National Technology Snapshot

A 50-state roundup of information technology news and events.

by / March 31, 1997
The Alabama Supreme Court recently ruled that sales taxes may be collected on software purchases, overturning a 1977 court ruling that software was not a tangible product, only a license to use knowledge. Birmingham Post-Herald

Alaska received $1.5 million from BP Exploration to establish a 25-unit network-based computer lab in 15 school districts

The Motor Vehicle Division and IBM will create an Internet site for customers to renew vehicle registration, order special license plates and file change-of-address forms.

To raise funds for new computers, high-school students in Little Rock wrote chapters for an online project called NetNovel. All text except for the last chapter is available online at . Morning News of Northern Arkansas.

To help California flood relief efforts, AT&T donated more than 350 cellular phones with unlimited air time and $5,000 worth of prepaid calling cards to American Red Cross service centers.

Rep. Phil Pankey introduced a bill to establish a committee to evaluate identification systems for welfare recipients. The system includes individual ID numbers, photo IDs, fingerprint images and retinal scans to identify those eligible for benefits. Wyoming News.

The Office of Policy and Management awarded a contract to Brite Voice Systems for telecommunications and utility billing verification services.

Delaware received $2 million in grants to establish new statewide Advanced Technology Centers for improved technology-based economic development.

The Legislature's Office of Program Policy Analysis and Accountability initiated a project to examine how computer technology can improve efficiency in state government.

Negotiations are ongoing between Siemens, Oldsmobile, Differential Corrections Inc., and the Atlanta Traveler Showcase Project to provide realtime traffic information in Atlanta.

The state Department of Education received a Challenge Grant from the U.S. Department of Education to expand the "Electronic School, " a school using multimedia technologies to transform the traditional model into a virtual learning center.

The Economic Advisory Council received a $300,000 Idaho Community Development block grant to help fund a new telecommunications facility.

The Lake County Building and Zoning Division and PlanGraphics Inc. completed the first phase of an information technology study and will begin the second phase to provide IT for the entire Department of Planning, Zoning and Environmental Quality.

The Indiana Higher Learning Education Telecommunication System purchased MultiLink's System 80 multipoint control unit to incorporate videoconferencing into its existing satellite network for more than 50 colleges and universities.

The Iowa Department of Inspections and the Fiscal Services Bureau uses Watermark software to reduce manual paperwork and maintain electronic accounting records for the Iowa Public Defender's Office and its Indigent Defense Fund.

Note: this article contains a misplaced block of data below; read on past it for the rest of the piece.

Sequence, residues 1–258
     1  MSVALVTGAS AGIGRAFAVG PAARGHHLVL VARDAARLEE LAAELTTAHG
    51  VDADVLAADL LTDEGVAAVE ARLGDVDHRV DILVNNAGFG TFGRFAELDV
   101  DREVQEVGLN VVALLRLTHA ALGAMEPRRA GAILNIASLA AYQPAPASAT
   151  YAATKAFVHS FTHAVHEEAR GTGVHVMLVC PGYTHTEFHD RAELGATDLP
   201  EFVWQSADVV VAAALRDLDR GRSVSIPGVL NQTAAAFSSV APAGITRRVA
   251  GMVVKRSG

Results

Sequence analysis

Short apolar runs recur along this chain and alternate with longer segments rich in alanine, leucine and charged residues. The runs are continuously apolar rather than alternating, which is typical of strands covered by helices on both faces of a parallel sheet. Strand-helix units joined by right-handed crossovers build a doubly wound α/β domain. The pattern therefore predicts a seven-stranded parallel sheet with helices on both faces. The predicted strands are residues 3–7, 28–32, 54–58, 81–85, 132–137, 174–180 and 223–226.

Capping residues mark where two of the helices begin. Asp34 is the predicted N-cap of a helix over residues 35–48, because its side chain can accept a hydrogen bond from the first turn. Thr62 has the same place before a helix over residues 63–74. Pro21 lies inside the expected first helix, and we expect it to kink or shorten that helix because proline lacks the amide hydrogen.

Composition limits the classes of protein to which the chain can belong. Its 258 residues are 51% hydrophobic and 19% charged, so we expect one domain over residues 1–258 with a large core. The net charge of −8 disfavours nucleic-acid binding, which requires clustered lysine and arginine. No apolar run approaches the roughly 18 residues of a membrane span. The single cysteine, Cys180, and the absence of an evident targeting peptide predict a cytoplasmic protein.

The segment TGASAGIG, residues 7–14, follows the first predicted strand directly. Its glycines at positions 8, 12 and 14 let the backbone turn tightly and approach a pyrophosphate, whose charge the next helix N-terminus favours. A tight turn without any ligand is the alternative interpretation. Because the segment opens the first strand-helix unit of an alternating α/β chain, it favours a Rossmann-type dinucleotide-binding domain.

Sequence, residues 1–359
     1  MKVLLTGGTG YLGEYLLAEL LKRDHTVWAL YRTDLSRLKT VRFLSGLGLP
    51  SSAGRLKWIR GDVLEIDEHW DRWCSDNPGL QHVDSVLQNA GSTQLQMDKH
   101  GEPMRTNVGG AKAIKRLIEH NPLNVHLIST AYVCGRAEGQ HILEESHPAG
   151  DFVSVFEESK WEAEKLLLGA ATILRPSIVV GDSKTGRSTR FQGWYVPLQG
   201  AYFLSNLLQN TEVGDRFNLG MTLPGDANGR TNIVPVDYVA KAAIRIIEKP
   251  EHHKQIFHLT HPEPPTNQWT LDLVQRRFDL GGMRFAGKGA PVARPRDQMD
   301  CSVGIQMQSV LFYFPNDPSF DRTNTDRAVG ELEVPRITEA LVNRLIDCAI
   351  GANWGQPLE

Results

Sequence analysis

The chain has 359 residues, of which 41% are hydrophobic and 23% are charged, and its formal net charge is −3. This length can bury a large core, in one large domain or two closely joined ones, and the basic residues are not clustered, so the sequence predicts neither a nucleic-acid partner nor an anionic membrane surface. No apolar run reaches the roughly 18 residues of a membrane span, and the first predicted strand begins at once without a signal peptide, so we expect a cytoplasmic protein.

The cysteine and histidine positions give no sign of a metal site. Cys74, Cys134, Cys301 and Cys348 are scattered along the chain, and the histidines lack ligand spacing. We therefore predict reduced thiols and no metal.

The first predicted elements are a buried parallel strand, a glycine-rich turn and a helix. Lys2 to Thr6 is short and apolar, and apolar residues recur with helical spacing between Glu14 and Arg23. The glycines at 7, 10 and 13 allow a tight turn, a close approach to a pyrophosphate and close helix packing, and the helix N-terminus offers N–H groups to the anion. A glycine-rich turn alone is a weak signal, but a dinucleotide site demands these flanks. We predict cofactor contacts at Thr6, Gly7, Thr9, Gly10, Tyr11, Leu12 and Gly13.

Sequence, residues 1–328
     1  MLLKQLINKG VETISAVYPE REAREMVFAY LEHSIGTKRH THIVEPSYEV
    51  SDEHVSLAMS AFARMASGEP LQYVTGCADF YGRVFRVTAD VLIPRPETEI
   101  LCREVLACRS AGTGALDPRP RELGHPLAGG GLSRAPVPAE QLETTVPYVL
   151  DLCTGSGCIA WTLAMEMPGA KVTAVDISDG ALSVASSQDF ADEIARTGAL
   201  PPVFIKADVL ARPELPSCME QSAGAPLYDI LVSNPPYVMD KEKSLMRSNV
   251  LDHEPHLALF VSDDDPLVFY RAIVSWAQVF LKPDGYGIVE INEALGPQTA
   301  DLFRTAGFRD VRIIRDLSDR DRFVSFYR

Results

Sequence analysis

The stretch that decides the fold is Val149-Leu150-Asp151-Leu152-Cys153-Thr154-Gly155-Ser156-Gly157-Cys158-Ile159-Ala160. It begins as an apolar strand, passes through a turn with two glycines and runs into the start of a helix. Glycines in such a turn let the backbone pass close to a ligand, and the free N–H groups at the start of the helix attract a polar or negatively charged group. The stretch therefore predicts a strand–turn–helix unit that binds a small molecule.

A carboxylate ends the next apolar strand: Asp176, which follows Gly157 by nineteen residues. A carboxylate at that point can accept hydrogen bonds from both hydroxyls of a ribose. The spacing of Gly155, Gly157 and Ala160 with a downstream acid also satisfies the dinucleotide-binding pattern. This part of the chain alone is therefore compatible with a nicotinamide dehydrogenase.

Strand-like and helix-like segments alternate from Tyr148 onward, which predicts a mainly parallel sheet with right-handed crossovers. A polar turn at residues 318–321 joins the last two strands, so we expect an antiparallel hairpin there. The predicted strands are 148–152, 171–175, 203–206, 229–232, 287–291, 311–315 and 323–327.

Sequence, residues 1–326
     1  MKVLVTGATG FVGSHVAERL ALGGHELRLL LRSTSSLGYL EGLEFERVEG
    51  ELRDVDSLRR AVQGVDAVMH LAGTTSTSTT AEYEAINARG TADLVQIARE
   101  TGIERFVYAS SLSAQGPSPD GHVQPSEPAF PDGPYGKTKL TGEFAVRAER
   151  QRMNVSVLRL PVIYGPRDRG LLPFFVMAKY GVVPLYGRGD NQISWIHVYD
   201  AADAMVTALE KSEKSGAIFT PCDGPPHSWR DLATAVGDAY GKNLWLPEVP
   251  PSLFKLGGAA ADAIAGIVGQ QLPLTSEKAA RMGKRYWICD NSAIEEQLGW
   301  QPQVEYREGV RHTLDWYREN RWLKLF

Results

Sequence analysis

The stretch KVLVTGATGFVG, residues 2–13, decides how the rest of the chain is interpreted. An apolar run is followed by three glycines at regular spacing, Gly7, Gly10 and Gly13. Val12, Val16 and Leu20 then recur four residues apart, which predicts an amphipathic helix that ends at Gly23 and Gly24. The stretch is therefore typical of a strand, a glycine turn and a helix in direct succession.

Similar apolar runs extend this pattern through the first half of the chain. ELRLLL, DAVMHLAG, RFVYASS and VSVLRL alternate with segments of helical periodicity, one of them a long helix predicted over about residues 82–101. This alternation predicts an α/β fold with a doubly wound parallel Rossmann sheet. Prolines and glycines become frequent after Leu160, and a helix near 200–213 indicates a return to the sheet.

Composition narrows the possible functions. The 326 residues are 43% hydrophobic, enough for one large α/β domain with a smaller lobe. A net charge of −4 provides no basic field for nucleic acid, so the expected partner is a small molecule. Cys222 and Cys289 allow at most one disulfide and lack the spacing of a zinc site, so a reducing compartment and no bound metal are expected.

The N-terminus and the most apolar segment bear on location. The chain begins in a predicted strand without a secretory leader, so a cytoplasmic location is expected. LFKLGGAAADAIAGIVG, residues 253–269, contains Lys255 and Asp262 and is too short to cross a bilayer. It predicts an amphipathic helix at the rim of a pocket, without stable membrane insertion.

The Department of Revenue unveiled two new programs to improve taxpayer service. Taxpayers can file their state taxes by phone with Telefile and find answers to common tax questions on Tel-Assist, a 24-hour, toll-free help line available at 800/259-2829.

The Louisville-Jefferson County Information Consortium selected PlanGraphics Inc. to enhance its GIS system to support economic development activities in Louisville and Jefferson counties.

The Department of Education and the National Center for Education Statistics sponsored the Annual Management for Information Conference in February. The conference allowed representatives from across the country to share their experiences and expertise on information technology issues and policies.

Residents in Acton and Limerick are starting their own community patrol using cellular phones. According to officials at the York County Sheriff's Department, "homegrown" programs may pave the way for greater support for professional law enforcement in rural areas. Biddeford Journal Tribune.

The state Registers of Wills contracted with Highland Technologies Inc. to supply its
HighView ST for document scanning, storage and retrieval of the high volume of records for estates and wills.

Massachusetts selected 13 school districts to serve as Lighthouse schools -- a federal grant program that provides each school district with up to $30,000 to serve as a technology demonstration site for educational professionals.

The Detroit Water and Sewerage Department selected Westin Engineering Inc. for its management information system. The three-year contract includes installation of new PCs, servers and supporting software.

The city of Bloomington hired PlanGraphics Inc. to conduct a GIS integration study on a new system that will service multiple departments and agencies.

The Educational Computing Association and the Ed Tech '97 Trade Show Committee sponsored the Mississippi Educational Technology Conference early this year. The trade show introduced educators to current and emerging educational technologies.